Watch your caffeine intake.
This one is not fun, but you have to watch how many of those tasty lattes you’re having. I try to limit myself to one 8 oz cup of coffee a day (I have a weakness for cold brew), but sometimes I need some pep in the afternoon and I’ll have another.
If you decide to have coffee in the afternoon, make sure you cut it off several hours before bed. I go down at 9:30 pm, so I make sure I don’t have caffeine later than 4 pm. Sodas and some teas count for caffeine as well, so be mindful of those.
Limiting your caffeine intake is a great way to drink more water!
Make yourself a sleep schedule.
This is the most important piece of advice I can give: set a schedule and stick to it.
For the past 10 years I have stuck to a fairly strict sleep schedule. Excluding a few variations, my schedule has stayed the same.
I go to bed every night at 9:30 pm. No matter what (within reason). There have been times I’ve peaced out on game nights just to get in bed at the right time. All of our friend’s just expect it now.
Going to bed at the same time each night almost guarantees that I wake up at 6:30 am. That’s a consistent 9 hours of sleep, which is my sweet spot.
I wake up feeling rested and refreshed, usually a couple minutes before my alarm. Some days I might wake up a bit slower than others. After a long day that’s to be expected.
My psychiatrist is the one who suggested a sleep schedule, and it’s a small part of Social Rhythm therapy. This therapy has been proven extremely effective for bipolar patients. The rest of the therapy is centered around taking your medications at the same times (I do) and eating meals at the same times (I can’t quite get that one down).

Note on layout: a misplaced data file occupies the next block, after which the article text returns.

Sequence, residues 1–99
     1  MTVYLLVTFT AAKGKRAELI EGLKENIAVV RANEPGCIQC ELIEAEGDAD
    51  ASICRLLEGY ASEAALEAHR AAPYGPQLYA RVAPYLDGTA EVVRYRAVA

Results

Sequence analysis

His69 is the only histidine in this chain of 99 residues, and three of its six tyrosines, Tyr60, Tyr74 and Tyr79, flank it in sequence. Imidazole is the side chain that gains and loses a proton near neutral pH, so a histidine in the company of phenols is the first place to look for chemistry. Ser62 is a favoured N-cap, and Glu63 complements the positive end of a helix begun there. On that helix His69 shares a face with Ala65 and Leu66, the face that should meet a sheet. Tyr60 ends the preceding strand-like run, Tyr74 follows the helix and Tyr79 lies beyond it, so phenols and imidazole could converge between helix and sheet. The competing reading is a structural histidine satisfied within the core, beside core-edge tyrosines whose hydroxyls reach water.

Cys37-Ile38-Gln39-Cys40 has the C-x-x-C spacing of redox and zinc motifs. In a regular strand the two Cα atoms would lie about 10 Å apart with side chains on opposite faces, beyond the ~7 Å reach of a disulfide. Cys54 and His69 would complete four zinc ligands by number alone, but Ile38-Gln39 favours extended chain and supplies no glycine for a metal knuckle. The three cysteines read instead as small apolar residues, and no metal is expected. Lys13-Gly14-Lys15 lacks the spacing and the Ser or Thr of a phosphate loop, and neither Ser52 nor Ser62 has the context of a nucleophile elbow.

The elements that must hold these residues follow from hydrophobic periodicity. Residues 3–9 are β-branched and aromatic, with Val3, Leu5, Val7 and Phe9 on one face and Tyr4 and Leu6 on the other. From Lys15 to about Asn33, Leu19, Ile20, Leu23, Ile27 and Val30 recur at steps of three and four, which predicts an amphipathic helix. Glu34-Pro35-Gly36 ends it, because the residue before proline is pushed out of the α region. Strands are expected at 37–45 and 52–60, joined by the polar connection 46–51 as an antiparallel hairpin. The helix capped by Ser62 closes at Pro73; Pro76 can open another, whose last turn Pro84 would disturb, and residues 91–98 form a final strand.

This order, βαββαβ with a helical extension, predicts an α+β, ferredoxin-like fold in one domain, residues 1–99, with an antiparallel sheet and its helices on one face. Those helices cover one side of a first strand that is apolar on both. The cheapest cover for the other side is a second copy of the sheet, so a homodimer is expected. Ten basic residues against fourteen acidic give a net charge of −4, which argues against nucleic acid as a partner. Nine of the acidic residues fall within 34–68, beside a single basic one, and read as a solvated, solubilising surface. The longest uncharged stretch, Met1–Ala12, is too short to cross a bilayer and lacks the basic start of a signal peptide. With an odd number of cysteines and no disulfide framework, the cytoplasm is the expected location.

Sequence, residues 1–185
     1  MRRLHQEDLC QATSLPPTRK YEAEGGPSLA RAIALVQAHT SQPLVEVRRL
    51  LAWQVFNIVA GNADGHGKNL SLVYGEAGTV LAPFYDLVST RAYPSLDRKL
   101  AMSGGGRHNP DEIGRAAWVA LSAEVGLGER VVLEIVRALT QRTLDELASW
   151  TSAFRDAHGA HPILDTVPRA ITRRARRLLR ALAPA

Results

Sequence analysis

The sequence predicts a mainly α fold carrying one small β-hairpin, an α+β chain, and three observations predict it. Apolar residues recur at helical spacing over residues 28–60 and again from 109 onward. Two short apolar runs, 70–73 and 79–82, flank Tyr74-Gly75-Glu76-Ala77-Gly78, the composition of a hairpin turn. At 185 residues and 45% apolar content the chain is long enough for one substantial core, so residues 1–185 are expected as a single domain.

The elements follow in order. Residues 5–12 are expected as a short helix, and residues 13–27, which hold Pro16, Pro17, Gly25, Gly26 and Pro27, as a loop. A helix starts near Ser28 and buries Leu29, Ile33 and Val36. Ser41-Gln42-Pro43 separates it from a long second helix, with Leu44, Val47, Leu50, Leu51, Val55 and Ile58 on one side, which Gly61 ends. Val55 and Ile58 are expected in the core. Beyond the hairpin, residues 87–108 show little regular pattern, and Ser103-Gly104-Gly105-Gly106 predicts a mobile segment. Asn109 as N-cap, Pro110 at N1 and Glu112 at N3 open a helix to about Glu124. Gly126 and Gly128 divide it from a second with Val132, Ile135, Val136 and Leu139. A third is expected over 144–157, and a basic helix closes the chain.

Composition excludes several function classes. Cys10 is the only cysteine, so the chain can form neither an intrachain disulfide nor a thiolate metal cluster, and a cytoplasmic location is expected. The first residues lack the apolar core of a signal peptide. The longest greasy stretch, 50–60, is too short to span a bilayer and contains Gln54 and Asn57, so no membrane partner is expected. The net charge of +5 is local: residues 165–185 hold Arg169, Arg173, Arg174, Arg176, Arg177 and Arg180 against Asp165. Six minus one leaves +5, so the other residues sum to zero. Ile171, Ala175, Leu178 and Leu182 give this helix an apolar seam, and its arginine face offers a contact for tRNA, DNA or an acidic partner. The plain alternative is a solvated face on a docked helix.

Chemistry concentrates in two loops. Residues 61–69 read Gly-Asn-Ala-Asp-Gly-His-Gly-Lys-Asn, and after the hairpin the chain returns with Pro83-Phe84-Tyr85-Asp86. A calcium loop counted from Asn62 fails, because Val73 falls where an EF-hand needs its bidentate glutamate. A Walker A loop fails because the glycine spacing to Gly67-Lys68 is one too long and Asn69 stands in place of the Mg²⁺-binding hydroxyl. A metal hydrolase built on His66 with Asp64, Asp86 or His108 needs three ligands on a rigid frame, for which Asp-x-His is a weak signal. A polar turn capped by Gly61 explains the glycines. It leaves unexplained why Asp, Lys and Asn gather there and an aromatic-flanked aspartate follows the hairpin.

Even if you’re not bipolar, I can say with certainty that your body can benefit from a schedule. Humans are creatures of habit, and our circadian rhythm works best when it’s actually a rhythm!
I’ve had my kids on strict sleep schedules from almost birth, and they were both consistently sleeping through the night before 6 months old (my daughter at 10 weeks!). Bodies need a schedule, then they naturally know what to do.
You won’t get on a schedule overnight, and it might even take a while to adjust. There are also a few factors that can make a routine difficult (jobs, kids, social engagements), but trying to set one can be very beneficial in your journey.
Setting A Schedule
Pick your times.
It’s easy to know what time you need to wake up, so count back from there and pick a time to go down. You might have to play around with how long you’ll need to sleep, but just feel it out and find out what works.
Start your routine with enough time to stay on schedule.
It takes me about 30 minutes to get ready for bed, so I start it at 9 pm. If you don’t leave yourself enough time for your routine, then you won’t get to sleep on time.
Get in bed and stay in bed.
The first few night of trying to fall asleep (and stay asleep) will probably be difficult. If you wake up in the middle of the night make sure you don’t turn to your phone or a book. You’ll just stimulate your mind further and have trouble falling back to sleep. If you really must do either of those, then make sure you get out of bed to do so. Bed = sleep only
Stay with it ALL the time.
This means no sleeping in on the weekends, I know it’s a bummer. You have to consistently follow the routine if you want your body to adjust. Soon enough you’ll find yourself popping out of bed on Sunday morning with no problem!
Go Forth and Sleep
So, we talked about the importance of sleep, we talked about how it can benefit you, and how to achieve it. I hope this post will help you out, and I hope you’ll feel more rested.